The micro venture capital landscape is getting crowded: According to Samir Kaji, Senior Managing Director at First Republic Bank, over the past five years, the number of micro-VC funds has exploded, from around 25 to over 325 today.
The key factor behind this trend is the cloud, which has made it much less expensive to get startups on their feet. As a consequence, small funds can now build sufficiently diversified portfolios as less capital is required at the earliest stages of a company. And while this is good news for entrepreneurs and those starting small funds, the explosion of funds has made it more challenging for investors to identify funds worth investing in.
According to this Kauffman foundation report, small funds have a better shot at providing returns than do larger funds—so finding the right Micro-VC funds to invest with is a worthwhile endeavor. To evaluate a fund’s chances of success, we have to understand what characteristics a fund needs in order to succeed.
Some of the best perspective on this question comes from later stage investors —the investors who take the baton from Micro-VCs, who in greater proportion tend to invest in early stages due to the size of checks they generally write. From speaking with a few later-stage venture investors, I’ve learned that successful early-stage funds tend to share a particular characteristic: They are comfortable challenging convention and consensus.
A case in point: SoftTech VC’s non-consensus approach to FitBit in 2008. Most investors in 2008 were confused about the product, and hardware investing was viewed as a no-fly zone (particularly for small funds due to capital requirements). Of course, we were also sitting in a market that was in its depth of financial crisis. SofTech’s non-consensus approach at the time was to seek a hardware investment that would play out like a capital-efficient software investment. As investing goes, it doesn’t get better than FitBit, which had a monster IPO this past summer and turned out to be a superb bet for SofTech.
Another case in point is Veeva Systems, an enterprise cloud provider for life sciences companies like Pfizer. The company in early stages was neglected because of doubts about a cloud-based platform for a vertically oriented market.Emergence Capital pushed against the consensus to fund Veeva, and benefited tremendously when the company did its massive $3-billion IPO.
Of course, a non-consensus approach is no silver bullet. To understand other ingredients of success, I spoke with Jake Saper, Senior Associate at Emergence Capital. His view was that in order for a fund to be successful, you have to know the space you are investing in intimately, which will enable the non-consensus bets being much more likely to hit.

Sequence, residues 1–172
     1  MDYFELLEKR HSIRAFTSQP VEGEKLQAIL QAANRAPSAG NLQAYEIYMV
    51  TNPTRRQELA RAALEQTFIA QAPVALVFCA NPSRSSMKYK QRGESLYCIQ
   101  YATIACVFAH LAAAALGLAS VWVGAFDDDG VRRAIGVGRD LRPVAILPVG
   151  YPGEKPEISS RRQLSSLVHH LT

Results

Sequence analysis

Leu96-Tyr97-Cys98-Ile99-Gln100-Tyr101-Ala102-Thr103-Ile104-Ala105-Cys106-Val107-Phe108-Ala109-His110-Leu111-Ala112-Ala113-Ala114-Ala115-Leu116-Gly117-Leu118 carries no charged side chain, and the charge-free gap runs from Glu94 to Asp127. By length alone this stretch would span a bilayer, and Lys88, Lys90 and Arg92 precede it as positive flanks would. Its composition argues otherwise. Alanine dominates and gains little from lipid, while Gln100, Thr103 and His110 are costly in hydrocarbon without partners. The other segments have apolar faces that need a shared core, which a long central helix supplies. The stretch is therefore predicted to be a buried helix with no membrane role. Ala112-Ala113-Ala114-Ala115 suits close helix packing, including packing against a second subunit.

Jake further surmised that the funds that successfully cut against the consensus don’t chase brands or momentum, but rather immerse themselves in a particular slice of a market. Emergence Capital, for instance, invests exclusively in enterprise software for the cloud. This focus has allowed the fund to build terrific connections and deep expertise.
Industry focus not only helps funds to identify promising startups, but also to connect them with experts, employees and resources that can help them to refine their ideas and ultimately take them to market. As Wesley Chan, general partner and managing director at Felicis Ventures put it to me recently, investors should “look for VCs who hustle and help build companies.”
We can’t know which micro-VC funds will be the most successful going forward. But we can identify those with the right profile to be successful, which leads to two big keys: a) They’re thoughtfully contrarian, and b) they have the focused perspective and immersive knowledge to make good calls and help guide their startups to success.
Disclaimer: This material is the solely opinion of the author and does not represent an official statement by BluePointe Capital Management, LLC, nor does it constitute a recommendation for the purchase or sale of securities. No representation is made on its accuracy or completeness of the information contained herein. Although the information provided is from sources we believe to be reliable, we do not guarantee the accuracy or timeliness of any information for any particular purpose.